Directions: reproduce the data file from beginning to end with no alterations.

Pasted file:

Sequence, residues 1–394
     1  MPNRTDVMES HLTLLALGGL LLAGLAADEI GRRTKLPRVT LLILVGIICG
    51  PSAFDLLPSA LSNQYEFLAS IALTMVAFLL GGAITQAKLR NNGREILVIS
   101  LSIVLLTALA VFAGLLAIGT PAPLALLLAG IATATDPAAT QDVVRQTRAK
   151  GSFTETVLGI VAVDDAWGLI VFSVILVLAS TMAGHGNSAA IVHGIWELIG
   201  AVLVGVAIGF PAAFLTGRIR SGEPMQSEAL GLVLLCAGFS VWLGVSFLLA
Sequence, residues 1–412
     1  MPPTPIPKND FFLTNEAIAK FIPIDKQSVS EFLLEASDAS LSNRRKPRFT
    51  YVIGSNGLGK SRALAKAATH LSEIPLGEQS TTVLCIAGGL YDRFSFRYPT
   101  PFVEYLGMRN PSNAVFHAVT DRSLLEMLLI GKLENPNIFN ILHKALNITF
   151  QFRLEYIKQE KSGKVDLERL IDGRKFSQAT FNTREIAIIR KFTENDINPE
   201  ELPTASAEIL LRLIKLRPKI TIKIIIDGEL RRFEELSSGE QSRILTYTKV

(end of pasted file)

Sequence, residues 1–394
     1  MPNRTDVMES HLTLLALGGL LLAGLAADEI GRRTKLPRVT LLILVGIICG
    51  PSAFDLLPSA LSNQYEFLAS IALTMVAFLL GGAITQAKLR NNGREILVIS
   101  LSIVLLTALA VFAGLLAIGT PAPLALLLAG IATATDPAAT QDVVRQTRAK
   151  GSFTETVLGI VAVDDAWGLI VFSVILVLAS TMAGHGNSAA IVHGIWELIG
   201  AVLVGVAIGF PAAFLTGRIR SGEPMQSEAL GLVLLCAGFS VWLGVSFLLA
Sequence, residues 1–412
     1  MPPTPIPKND FFLTNEAIAK FIPIDKQSVS EFLLEASDAS LSNRRKPRFT
    51  YVIGSNGLGK SRALAKAATH LSEIPLGEQS TTVLCIAGGL YDRFSFRYPT
   101  PFVEYLGMRN PSNAVFHAVT DRSLLEMLLI GKLENPNIFN ILHKALNITF
   151  QFRLEYIKQE KSGKVDLERL IDGRKFSQAT FNTREIAIIR KFTENDINPE
   201  ELPTASAEIL LRLIKLRPKI TIKIIIDGEL RRFEELSSGE QSRILTYTKV